Day One is in the books for the 2008 Hotsos Symposium. It was pretty crazy getting here. I arrived around mid-night last night after 9 hours of airplane madness. Who would think that Dallas would have massive thunderstorms the first week of March? Certainly not me…
The conference started off somewhat uneventful. There was no crazy welcome with smoke and flashing lights…just Gary Goodman, the CEO of Hotsos kicked-off the presentation covering logistics and welcomed the keynote speaker, [Cary Millsap|http://carymillsap.blogspot.com/]. For those of you who do not know Cary, well he’s one of the best performance engineers in the world. He wrote Optimizing Oracle Performance back in 2003. This book continues to be my most read performance book in my library. It’s quite frankly my favorite performance engineering book ever.
Cary’s Key Note was a retrospective of his keynote from 2003. Back in the late 90’s and early 2000’s, “Oracle Tuning” was based on trial and error. The old way of thinking was to study the system as an aggregate, make a change (single change), observe the new performance characteristics and start the process again. Much of this process was based on improving percentages and ratios that had nothing to do with how users were actually perceiving performance. That’s where Method-R comes into play. Method-R is about focusing on the operations/transactions that are most important to the business. With Method-R, the idea of tuning is replaced by the process of optimization.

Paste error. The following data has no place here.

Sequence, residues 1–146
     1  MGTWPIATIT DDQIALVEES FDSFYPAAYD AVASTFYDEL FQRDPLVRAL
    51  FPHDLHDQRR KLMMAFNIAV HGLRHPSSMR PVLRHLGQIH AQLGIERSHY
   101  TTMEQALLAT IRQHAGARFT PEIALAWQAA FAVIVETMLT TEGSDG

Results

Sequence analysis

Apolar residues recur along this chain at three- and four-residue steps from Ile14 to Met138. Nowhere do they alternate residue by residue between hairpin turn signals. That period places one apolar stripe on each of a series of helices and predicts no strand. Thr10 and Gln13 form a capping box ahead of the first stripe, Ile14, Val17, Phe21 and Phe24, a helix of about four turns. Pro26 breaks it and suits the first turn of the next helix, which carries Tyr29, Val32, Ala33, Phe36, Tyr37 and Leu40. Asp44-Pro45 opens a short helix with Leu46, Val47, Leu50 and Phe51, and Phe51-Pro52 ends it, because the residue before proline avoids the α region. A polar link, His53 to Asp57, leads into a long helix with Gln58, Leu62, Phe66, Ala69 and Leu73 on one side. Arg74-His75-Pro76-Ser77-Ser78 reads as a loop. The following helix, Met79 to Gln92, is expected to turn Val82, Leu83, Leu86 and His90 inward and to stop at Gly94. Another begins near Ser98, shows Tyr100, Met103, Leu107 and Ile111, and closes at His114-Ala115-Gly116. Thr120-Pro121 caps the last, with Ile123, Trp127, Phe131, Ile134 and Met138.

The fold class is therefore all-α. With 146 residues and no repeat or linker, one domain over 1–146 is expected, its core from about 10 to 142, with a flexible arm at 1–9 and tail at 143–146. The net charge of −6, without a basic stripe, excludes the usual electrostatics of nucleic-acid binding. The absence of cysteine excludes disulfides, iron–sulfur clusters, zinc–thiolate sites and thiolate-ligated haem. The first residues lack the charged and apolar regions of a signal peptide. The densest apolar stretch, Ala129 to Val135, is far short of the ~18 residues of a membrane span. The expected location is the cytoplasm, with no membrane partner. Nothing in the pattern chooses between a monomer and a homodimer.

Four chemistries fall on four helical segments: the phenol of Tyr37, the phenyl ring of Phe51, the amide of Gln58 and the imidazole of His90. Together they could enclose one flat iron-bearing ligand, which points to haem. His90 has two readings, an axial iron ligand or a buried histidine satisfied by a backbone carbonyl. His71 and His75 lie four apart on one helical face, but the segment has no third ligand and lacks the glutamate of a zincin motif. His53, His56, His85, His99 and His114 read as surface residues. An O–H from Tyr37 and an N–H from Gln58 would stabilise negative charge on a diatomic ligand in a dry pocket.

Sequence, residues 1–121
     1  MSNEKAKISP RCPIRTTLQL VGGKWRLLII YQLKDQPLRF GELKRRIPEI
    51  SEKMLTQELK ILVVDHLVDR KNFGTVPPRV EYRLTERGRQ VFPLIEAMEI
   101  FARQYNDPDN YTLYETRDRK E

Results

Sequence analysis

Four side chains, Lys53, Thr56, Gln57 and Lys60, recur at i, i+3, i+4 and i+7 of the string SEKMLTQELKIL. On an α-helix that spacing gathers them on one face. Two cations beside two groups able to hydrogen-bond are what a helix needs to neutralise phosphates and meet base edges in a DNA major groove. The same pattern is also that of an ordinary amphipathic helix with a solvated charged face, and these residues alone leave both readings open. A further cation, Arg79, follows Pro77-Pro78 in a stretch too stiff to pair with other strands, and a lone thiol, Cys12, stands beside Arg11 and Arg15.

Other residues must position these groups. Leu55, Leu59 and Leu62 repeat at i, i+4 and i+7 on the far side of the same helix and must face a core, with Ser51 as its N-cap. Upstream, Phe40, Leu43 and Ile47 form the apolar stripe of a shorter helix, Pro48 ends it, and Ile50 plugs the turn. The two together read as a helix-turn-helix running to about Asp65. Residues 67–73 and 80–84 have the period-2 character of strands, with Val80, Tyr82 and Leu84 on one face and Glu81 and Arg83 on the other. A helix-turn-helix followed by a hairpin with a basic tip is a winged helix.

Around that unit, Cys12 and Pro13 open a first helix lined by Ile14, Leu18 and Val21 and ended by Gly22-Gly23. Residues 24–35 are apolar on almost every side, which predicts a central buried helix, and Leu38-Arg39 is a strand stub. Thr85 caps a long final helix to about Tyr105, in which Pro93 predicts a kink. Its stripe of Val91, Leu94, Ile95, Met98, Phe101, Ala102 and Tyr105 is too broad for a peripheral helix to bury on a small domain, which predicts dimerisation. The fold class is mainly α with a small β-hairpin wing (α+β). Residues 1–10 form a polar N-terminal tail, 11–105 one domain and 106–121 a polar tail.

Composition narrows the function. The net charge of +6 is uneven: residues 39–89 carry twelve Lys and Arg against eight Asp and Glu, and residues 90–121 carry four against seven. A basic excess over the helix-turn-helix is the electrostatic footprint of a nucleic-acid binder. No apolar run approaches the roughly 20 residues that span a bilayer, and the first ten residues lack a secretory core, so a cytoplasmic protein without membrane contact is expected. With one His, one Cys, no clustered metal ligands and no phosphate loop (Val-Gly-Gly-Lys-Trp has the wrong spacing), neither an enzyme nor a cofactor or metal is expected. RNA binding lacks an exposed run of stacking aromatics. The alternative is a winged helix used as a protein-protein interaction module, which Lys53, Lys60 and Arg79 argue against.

Method-R forces the performance engineer to ask better questions:
* Are the tasks fast? (Quantify/Measure)
* Are the tasks efficient?
* Is the system efficient?
* What would happen if?
Semantic Query Optimization
The first presentation I attended was about Semantic Query Optimization by Toon Koppelaars. SQO is when you have two queries that are semantically equivalent if they return the same answer for any database state satisfying a given set of integrity constraints. The overall point about the presentation is to identify weaker predicates and replace them with more sound/stronger predicates. Definitely take a look at the presentation. It includes tons of example scripts in the zip archive.
Leveraging Oracle’s Extended SQL Trace
The next presentation I attended was [Leveraging Oracle’s Extended SQL Trace Data to Expedite Software Development. The idea behind this presentation is to use the 10046 Oracle trace as an instrumentation tool for software developers. Included in the archive are a bunch of perl scripts to parse the 10046 trace data. The premise of the presentation is to use 10046 to identify software anti-patterns that are not completely obvious, or are incredibly obvious, but don’t make sense for performance.
Dealing with Software Agoraphobia
The third presentation I attended was a Solaris focused system performance engineering presentation on software agoraphobia. This was a heavily sun-focused presentation with an emphasis on prstat, lockstat and d-trace. The emphasis of the presentation was to focus on CPU latency rather then aggregate measures. Take a look at the speaker’s blog.